Gluten-free products drive growth for Finsbury Foods

By Oliver Nieburg

- Last updated on GMT

Related tags Finsbury foods Wheat

UK bakery firm Finsbury Foods has announced improved revenues in its annual report stimulated by gluten-free offerings and a wider fresh bakery portfolio.

Results for the end of the tax year showed that revenue was up 12.6% on the previous year, taking the total to £189.6m (€219.8m). Before tax profit was also up 8.5% to £5.8m (€6.7m).

The company experienced bread and free form sales growth of 14.25% on last year, which brought sales for these goods to £50m (€57m). The company said that strong performance in this category was mainly due to investment in its Vogel brand and expansion of its free form product range as a result of work with gluten-free bakery firm Genius Foods.

Gluten-free boost

This partnership has allowed Finsbury Foods to seize a significant share of the gluten-free market.

The total free form gluten free market is worth £208m (€241m) and it grew 17% in the last year, according to figures from Kantar.

Finsbury Food’s bread, cakes and other gluten free bakery products account for £39m (€45.2m) of the market (18.7%). The firm’s sales represented a 21% rise on last year.

Company CEO John Duffy said: “The current year delivered strong growth in the fresh gluten free market for our Genius brand and an equally favourable outcome for our Vogels and Cranks brands in the speciality bread sector.”

He said the partnership with Genius Food established in January 2011 would allow Finsbury Food to expand its fresh bakery portfolio further still.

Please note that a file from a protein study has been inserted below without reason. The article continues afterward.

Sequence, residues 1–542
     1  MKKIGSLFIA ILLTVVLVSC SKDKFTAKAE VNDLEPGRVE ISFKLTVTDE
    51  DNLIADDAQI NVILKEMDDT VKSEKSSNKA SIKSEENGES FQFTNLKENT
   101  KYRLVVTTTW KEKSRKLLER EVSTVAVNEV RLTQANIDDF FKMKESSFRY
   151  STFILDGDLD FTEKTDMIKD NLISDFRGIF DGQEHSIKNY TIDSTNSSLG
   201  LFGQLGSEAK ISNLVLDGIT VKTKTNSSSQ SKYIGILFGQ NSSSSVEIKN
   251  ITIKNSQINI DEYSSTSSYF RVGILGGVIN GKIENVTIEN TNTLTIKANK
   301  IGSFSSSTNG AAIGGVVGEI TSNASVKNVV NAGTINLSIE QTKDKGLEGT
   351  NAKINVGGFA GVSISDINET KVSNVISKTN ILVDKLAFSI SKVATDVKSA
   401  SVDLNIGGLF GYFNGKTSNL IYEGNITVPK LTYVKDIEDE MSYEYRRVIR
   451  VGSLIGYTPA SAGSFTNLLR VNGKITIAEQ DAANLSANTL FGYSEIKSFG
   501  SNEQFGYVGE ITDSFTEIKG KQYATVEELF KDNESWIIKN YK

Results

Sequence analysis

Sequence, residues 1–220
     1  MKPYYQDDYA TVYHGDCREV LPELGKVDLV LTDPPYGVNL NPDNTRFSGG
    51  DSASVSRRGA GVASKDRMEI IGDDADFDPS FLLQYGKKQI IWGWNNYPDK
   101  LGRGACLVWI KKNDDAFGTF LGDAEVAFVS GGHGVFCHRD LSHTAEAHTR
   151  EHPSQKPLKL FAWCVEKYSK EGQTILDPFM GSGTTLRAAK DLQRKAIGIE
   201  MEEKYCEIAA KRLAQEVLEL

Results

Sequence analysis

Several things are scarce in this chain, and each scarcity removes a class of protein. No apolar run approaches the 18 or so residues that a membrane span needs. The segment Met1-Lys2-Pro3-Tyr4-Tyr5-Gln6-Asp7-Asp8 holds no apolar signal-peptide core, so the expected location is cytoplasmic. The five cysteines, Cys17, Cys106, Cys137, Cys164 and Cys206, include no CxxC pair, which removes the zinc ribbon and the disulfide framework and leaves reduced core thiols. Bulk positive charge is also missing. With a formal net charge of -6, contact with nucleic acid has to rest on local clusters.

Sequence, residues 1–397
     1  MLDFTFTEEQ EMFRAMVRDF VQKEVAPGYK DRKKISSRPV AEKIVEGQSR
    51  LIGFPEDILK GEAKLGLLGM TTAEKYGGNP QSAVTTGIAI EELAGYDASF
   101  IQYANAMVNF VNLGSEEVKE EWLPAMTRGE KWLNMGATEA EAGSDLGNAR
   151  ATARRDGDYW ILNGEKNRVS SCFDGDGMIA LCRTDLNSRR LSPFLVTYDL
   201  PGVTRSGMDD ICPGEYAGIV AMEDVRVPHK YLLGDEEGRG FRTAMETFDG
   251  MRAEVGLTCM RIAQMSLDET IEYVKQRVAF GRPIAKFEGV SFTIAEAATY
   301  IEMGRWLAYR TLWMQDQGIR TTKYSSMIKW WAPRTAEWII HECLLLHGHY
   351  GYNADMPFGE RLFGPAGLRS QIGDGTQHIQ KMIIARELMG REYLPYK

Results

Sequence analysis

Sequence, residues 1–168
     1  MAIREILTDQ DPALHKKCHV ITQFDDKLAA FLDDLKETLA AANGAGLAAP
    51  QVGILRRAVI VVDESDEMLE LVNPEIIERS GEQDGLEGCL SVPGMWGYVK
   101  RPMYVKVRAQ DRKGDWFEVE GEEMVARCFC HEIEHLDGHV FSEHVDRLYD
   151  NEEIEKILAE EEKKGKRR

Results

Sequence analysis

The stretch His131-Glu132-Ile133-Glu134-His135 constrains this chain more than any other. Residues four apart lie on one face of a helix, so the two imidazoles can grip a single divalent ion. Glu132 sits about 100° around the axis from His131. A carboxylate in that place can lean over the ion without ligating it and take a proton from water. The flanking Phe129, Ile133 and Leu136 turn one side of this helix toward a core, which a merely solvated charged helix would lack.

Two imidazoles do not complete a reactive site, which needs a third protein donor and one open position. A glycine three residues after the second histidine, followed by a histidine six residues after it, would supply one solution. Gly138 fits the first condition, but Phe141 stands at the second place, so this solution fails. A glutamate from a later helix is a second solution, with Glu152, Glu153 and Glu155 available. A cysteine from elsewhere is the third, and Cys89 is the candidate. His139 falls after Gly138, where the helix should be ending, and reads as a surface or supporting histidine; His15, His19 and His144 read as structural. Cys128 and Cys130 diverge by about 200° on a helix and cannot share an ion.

Commodity concerns

In response to the rising price of sugar, butter and wheat, Duffy said: “I foresee no respite in commodity or general cost inflation in the near term. Pressure, if anything, is likely to increase the impact of such factors, redoubling our efforts to alleviate price rises by focussing on internal efficiencies and productivity initiatives.”

Martin Lightbody, non-executive chairman, said: “Innovation and adaptability are paramount. Input price inflation is clearly a matter of concern, particularly in such a low margin industry. Commodities have reached record levels and have inevitably impacted on our operating margins.”

“Rising sales together with savings from efficiency projects have largely offset the impact of commodity price inflation but recouping costs has become an imperative,” ​he said.

However, he said that with consumer income falling and public sector cuts due to be fully implemented the next year would be a test.

The firm made no acquisitions over the past year, but Lightbody said Finsbury Food would look to stimulate growth through acquisitions when the economy improved.

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